Rules & Regulations

Table of content

1. Racing Rules
2. Overtaking
3. Defending
4. Corner cutting/track extending
5. Qualifying etiquette
6. Special Awareness
7. On-Track Regulations
8. The lobby Procedure

9. General Behavior
10. Race etiquette
11. Rage-quitting
12. Participation
13. Pulling out mid-season
14. Protest form
15. Penalties
16. Repremand system

1. Racing Rules
Race cleanly at all times. No contact should occur between cars on track, and as a driver you are required to do your best to avoid this from happening. Accidents can happen, but if you are at fault for causing a collision, you are likely to be penalised.
Deliberately crashing into another car will result in being permanently excluded from SNRL
The above rule still applies even if lag (connection issues) is the cause of the incident, when it is obvious that your car’s lag is the cause of another driver going off, as this would still be classed as an unfair overtake. Please be more careful around other drivers if you are regularly involved in lag-related incidents.

2. Overtaking
Don’t be too aggressive when trying to overtake. As the chasing car, it is generally your responsibility to not make contact with the car in front.

3. Defending
Excessive weaving and blocking is not allowed. When defending from another car, choose a line on the track and stick to it. Do not force a chasing car off the track by leaving it too little room. If the attacking car is alongside you going into a corner (generally if the attacking car’s front wheels is alongside the defending car’s rear wheels), you must adjust your line to avoid contact.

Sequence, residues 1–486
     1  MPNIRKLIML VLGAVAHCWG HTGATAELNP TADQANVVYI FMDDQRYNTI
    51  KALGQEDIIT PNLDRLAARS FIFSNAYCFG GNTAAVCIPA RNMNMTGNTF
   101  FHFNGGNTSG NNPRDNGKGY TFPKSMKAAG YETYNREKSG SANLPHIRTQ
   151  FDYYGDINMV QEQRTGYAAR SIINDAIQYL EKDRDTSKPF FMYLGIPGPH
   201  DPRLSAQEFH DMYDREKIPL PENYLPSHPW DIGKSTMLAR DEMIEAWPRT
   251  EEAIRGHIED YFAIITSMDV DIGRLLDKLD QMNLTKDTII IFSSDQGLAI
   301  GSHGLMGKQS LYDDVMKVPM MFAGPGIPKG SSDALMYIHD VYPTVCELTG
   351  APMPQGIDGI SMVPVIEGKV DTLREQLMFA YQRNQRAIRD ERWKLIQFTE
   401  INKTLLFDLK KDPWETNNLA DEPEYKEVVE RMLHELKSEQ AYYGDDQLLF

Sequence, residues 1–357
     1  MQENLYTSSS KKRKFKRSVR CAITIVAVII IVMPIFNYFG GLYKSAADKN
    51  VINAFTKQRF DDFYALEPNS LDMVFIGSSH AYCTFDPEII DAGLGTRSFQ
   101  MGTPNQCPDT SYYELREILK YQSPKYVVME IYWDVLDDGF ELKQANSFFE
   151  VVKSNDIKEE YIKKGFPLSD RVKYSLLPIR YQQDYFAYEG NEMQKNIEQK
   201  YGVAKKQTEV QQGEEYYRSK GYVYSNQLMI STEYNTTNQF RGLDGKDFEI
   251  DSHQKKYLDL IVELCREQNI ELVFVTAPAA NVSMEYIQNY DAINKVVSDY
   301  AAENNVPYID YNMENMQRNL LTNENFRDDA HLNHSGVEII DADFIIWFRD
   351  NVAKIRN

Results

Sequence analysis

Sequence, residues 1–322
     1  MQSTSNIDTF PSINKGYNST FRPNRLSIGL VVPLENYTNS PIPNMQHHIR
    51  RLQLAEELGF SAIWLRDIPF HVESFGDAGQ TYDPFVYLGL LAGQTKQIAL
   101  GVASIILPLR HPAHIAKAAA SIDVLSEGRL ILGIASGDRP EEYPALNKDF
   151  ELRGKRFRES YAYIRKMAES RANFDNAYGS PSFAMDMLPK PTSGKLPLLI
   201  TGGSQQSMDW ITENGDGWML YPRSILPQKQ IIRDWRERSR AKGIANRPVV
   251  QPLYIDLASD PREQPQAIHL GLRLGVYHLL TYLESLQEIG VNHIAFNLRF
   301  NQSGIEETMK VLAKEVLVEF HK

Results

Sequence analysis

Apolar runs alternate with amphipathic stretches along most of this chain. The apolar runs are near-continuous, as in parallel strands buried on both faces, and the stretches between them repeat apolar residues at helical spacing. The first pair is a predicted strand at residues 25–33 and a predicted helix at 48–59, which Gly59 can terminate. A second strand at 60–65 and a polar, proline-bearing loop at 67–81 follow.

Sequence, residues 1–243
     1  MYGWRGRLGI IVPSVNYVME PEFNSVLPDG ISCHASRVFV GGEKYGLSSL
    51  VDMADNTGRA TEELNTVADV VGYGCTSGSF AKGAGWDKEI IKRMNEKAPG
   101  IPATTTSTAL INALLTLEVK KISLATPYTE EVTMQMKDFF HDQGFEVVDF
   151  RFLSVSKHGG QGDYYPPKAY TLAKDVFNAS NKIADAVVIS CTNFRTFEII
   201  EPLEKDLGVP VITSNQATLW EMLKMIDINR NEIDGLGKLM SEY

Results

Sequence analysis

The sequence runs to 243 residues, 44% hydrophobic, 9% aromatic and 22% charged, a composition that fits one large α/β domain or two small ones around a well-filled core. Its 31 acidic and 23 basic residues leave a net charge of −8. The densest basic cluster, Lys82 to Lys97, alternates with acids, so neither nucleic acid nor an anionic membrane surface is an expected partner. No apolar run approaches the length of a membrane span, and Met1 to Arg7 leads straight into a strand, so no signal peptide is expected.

4. Corner cutting/track extending
Stay within the track boundaries with at least two tyres at all times. The track boundaries are defined by the white lines, NOT by the edge of the kerbs. Cutting corners, or extending the track, to gain an advantage is not allowed. Drivers found to be persistently breaking this rule will be penalised retrospectively.

If you overtake another driver with all four wheels off track, or as a consequence of cutting a corner, you must slow down and give the position back.

The odd misjudgement of a corner can happen, but if you accidentally gain an advantage by going outside the track limits, you are expected to back off to an extent that clearly negates any advantage gained. Failing to do this puts you at the risk of being penalised in game, however if it fails to penalise you, an enquiry can be opened for the stewards to review.

If a driver is reported to the stewards for a breach of this rule, it is up to the stewards’ discretion as to whether they feel the driver has abused the track limits to an extent where a penalty is justified, and if so what type of penalty is appropriate to be handed out. This will depend on the severity and frequency of the cuts. The bottom line is, if you want to make sure you are not in danger of being awarded a stewards penalty, make sure you don’t gain time from leaving the track limits throughout qualifying and the race.